Welcome to Clubhouse Chat page. Those of you who are not a member won’t be aware that the location of the Clubhouse is shrouded in mystery. The only way to visit it is via membership or an invite to the tearoom. Every few days, I’ll be sharing a conversation with all sort of writers and authors at different levels of their writing careers. Over tea and cakes, or maybe a glass of something stronger, I shall be chatting with my guest about their work in progress, or latest book release.
Today I’m chatting with Iain in the tearoom. Welcome. My first question to my guest is what drink would you like while we chat?
Thank you so much for the invite, Paula. Well, for my drink, I think I’ll introduce your readers to a particularly Scottish refreshing fizzy drink called Irn-Bru, best served chilled with a couple of ice cubes, bright orange in colour, but with a taste all of its own. The myth, which may be true, is that Scotland is the only country in the world where Coca-Cola or Pepsi is not the biggest-selling fizzy drink, both being out sold by our very own Irn-Bru, and the secret recipe is only known by two or three people in the A.G. Barr company who make the drink.
I’m sure it’s true, Iain. I know how patriotic the Scots are. So can you tell us about when you first begun your writing journey what drew you to your chosen genre?
An interesting question to start with. I’ve always struggled with the idea of only writing in one particular genre, and yet the vast majority of writers tend to stick to one thing. Of course, it’s recommended from a marketing and sales point of view to build up a readership in a particular genre, and authors often use a different name if they switch to a different genre. But I have always liked moving between genres. When I came to write my first novels – a trilogy set in the near future – I wasn’t thinking of writing a science-fiction or dystopian novel, but rather the trilogy is made up of a detective crime story in book one, a journalistic investigation in book two and a war novel in book three. The characters and location stay the same, but the tone shifts. It just so happens that the stories take place in a possible futuristic world. And having completed this trilogy, I wanted to write something totally different, so my next book is a literary drama set in the present day with no sci-fi, dystopian, war or detective elements!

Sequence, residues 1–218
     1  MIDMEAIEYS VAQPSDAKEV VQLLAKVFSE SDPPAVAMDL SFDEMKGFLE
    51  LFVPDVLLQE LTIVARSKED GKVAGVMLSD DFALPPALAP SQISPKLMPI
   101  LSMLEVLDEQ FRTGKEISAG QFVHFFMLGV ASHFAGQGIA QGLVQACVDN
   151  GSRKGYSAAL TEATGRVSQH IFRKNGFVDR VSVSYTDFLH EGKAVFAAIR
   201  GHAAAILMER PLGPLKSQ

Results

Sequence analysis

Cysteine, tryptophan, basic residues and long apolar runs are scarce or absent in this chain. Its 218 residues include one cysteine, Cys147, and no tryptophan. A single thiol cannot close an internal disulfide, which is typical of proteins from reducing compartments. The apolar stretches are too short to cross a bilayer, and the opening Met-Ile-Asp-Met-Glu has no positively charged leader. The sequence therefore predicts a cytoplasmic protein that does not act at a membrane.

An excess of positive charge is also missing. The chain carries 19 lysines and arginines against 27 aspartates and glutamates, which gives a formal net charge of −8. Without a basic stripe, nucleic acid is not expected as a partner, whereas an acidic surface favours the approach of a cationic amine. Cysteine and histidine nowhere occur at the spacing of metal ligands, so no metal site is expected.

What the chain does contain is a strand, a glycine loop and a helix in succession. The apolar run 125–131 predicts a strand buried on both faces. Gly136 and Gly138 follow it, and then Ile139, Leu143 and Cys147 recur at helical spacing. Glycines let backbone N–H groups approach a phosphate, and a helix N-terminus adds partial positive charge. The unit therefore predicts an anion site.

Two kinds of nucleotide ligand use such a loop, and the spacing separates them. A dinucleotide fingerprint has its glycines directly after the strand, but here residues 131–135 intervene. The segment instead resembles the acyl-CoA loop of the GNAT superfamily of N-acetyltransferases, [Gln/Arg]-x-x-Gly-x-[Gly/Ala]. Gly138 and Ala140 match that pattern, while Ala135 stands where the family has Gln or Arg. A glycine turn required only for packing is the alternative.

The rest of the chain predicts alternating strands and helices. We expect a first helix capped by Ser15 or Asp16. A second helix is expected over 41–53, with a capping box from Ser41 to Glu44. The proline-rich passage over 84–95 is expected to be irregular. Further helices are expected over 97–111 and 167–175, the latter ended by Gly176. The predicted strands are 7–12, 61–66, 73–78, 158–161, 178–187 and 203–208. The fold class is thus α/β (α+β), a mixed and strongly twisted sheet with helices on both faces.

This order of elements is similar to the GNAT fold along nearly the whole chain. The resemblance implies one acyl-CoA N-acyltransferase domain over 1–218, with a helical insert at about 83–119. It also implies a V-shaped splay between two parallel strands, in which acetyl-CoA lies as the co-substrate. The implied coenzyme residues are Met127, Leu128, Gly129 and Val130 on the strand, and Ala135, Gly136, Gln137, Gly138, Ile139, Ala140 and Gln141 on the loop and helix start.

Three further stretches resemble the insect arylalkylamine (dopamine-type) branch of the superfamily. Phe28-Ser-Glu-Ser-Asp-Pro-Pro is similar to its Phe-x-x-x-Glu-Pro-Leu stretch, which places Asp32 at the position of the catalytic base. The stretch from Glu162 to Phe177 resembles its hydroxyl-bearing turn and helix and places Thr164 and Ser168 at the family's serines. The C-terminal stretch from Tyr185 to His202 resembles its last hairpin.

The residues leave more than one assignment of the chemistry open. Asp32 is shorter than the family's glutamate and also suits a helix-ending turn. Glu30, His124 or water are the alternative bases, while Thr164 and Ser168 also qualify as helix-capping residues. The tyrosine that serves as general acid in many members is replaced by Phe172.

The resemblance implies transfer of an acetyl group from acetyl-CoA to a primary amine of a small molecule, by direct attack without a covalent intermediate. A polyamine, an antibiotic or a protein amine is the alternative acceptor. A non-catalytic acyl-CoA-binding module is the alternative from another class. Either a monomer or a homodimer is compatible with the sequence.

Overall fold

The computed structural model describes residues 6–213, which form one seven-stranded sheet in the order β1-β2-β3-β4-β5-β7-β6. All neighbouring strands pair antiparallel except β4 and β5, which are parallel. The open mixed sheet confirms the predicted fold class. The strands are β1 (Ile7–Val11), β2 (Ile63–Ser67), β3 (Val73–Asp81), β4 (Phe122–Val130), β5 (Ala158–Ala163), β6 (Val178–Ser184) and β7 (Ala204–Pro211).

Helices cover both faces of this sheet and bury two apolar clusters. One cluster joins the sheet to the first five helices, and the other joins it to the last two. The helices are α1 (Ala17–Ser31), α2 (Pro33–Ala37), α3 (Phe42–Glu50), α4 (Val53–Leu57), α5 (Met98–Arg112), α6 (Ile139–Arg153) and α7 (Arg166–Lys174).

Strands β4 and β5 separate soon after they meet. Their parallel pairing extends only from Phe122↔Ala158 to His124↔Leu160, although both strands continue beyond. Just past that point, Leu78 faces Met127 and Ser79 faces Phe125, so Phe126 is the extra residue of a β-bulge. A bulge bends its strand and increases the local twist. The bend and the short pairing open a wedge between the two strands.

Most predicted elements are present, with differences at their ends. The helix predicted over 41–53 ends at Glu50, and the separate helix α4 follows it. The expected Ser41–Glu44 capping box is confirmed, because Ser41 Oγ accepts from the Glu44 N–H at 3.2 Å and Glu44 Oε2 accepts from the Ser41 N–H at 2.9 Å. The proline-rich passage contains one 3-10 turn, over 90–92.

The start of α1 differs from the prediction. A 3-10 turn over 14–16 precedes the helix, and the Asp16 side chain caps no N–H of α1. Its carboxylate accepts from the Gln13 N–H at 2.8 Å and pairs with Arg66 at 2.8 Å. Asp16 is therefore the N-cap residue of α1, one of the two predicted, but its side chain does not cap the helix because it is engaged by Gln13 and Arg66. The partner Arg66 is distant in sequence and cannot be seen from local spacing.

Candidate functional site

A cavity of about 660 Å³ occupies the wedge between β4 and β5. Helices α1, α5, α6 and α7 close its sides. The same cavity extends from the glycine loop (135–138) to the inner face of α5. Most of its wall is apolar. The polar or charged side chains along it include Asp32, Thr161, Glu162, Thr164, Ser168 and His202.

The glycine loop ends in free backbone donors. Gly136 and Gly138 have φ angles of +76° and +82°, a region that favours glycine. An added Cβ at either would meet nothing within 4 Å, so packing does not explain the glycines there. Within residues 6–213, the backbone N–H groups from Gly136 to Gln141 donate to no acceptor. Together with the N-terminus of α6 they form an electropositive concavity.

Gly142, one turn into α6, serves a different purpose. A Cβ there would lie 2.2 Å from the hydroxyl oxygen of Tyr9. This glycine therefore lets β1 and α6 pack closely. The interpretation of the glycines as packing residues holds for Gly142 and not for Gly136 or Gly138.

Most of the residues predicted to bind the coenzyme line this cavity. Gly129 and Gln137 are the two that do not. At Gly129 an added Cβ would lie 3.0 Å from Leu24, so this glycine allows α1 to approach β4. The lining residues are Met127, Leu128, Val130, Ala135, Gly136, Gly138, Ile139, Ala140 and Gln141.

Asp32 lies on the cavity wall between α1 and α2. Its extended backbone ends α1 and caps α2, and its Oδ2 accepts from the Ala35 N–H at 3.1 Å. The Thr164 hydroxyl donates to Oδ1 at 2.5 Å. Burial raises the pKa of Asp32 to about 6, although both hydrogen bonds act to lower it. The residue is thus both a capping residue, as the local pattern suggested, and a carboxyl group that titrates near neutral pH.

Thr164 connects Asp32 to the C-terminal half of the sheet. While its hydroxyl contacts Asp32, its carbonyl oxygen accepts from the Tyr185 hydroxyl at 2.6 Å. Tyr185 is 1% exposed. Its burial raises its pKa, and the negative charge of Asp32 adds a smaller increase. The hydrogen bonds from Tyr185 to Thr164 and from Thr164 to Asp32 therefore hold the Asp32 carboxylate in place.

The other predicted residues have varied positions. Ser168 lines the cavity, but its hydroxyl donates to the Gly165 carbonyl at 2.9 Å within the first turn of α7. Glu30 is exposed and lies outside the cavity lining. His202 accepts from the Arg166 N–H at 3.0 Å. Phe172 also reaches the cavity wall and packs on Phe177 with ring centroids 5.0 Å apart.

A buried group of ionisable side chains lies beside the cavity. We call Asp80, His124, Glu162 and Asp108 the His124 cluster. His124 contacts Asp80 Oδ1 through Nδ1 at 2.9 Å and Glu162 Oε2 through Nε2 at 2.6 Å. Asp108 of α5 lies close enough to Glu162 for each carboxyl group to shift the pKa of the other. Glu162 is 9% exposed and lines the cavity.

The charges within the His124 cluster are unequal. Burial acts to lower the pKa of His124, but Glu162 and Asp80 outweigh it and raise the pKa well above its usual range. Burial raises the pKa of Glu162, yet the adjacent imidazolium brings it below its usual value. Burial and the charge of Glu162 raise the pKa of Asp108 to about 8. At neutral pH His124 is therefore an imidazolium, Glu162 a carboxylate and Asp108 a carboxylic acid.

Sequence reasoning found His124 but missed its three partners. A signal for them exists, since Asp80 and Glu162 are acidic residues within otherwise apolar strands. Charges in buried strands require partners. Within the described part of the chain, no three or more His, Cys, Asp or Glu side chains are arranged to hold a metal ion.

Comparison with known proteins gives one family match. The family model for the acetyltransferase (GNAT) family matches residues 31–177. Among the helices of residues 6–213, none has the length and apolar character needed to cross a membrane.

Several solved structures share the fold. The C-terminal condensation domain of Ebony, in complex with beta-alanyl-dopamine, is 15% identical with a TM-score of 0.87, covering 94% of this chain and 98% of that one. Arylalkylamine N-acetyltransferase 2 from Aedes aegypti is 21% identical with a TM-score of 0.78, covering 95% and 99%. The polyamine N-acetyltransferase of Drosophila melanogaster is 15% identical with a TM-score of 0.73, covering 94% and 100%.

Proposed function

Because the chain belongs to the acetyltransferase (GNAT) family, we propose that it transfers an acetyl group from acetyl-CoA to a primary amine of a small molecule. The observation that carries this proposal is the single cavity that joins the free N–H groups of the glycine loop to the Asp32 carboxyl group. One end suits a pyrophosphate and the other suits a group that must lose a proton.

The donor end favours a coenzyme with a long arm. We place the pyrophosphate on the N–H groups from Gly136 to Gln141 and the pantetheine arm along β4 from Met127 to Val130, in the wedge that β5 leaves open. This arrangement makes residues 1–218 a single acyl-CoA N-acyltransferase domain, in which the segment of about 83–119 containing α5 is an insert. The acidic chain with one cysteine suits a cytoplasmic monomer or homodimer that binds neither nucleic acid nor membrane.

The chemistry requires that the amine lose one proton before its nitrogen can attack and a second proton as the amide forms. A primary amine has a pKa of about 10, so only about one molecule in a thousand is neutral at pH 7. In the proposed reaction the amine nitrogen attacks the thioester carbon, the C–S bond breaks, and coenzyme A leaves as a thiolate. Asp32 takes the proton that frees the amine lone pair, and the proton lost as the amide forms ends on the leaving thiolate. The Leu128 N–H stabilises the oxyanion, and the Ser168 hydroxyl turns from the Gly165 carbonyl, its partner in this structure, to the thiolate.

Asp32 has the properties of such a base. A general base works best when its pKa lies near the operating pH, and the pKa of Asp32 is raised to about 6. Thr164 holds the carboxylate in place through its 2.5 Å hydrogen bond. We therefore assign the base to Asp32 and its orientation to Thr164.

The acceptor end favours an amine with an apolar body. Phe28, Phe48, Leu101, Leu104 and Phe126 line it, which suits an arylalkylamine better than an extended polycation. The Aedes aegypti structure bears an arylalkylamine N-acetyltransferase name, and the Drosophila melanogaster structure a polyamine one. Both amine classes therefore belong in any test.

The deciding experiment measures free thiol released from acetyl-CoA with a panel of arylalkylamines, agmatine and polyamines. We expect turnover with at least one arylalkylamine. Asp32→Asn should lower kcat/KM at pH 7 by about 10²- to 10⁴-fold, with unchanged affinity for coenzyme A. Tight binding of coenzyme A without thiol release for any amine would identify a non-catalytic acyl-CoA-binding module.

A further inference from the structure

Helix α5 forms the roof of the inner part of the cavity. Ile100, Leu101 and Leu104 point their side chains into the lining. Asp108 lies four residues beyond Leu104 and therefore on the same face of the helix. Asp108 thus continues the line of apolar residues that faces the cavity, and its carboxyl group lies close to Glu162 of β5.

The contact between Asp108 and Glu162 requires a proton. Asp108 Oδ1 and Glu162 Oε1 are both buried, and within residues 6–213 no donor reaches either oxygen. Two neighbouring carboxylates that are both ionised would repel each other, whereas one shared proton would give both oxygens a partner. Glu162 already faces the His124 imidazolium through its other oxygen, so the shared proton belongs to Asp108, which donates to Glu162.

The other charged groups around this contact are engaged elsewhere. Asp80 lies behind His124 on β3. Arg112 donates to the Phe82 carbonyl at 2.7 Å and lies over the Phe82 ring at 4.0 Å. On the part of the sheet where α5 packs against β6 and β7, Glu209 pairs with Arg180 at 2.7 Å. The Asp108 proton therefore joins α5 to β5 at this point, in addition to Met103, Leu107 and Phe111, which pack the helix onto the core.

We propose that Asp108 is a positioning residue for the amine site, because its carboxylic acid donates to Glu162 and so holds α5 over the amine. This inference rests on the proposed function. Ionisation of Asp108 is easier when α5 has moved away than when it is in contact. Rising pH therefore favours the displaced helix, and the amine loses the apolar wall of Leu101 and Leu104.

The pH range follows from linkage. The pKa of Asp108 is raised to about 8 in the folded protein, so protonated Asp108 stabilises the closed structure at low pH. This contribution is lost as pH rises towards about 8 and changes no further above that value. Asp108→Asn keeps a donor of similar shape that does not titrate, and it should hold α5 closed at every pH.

What writing elements do you think is your strongest points, and what would you like to do better?
A tough one to answer. I’m sure readers may have a different opinion, but I always feel like I am strong with plotting and pacing, and I enjoy writing dialogue. Where I could definitely be better is in my descriptive language – describing what people look like or the landscape around them or the room that they’re in. I think because I work in a visual medium in my day job (I’m a television editor), I take these things for granted. Or perhaps I should say I like the reader to imagine these things, so I deliberately keep my descriptions brief!
Tell us a little about latest writing project. Is it a new idea, or one you have been mulling over for some time?
Well, like I said, after writing my futuristic ‘State Trilogy’, I turned to something completely different. I had the idea for writing this story a few years ago when I visited some relatives who lived on the semi-remote island of Barra in the Outer Hebrides of Scotland. It always struck me as a great setting for a novel. I wrote a first draft a couple of years ago and have returned to it recently to complete a 2nd draft, and am now starting the editing phase. It’s the story of a man in his fifties returning to Barra, where he spent one formative summer in his youth, and remembering the events of that time, his first love and the dark secrets at the heart of a small community, and discovering some truths about himself and others along the way. I’m hoping to send it out to publishers and agents in the new year, or perhaps self-publish depending on the response it receives.
How many unfinished projects do you have on your computer?
I tend to only have a couple of ideas on my computer at any time. One nearing completion and the next idea ready to go. Quite methodical, I suppose! There are plenty of other ideas bubbling away in my mind, but only a select few ever make it onto the computer. There just isn’t enough time to write them all.
Do you write a synopsis first or write the first chapter?
I always start with the first chapter. Often I will have the idea for a scene or a character or a situation in my head and start to figure out who that person is and how did they get into that situation. Then a plot starts to form around those ideas, but I don’t plan it out in detail. I like to start writing and see where it takes me. That’s one of the things I enjoy most about writing novels – starting with an idea and watching it grow as you write, and that little thrill every now and then where you realise you’ve had a good idea, or where the plot takes a twist you hadn’t thought of, or when you resolve a problem with a satisfying bit of plotting and writing! It’s the small pleasures that make it worthwhile.6) What is your work schedule like when you’re writing? Do you set yourself a daily word count? How many hours in a day do you write?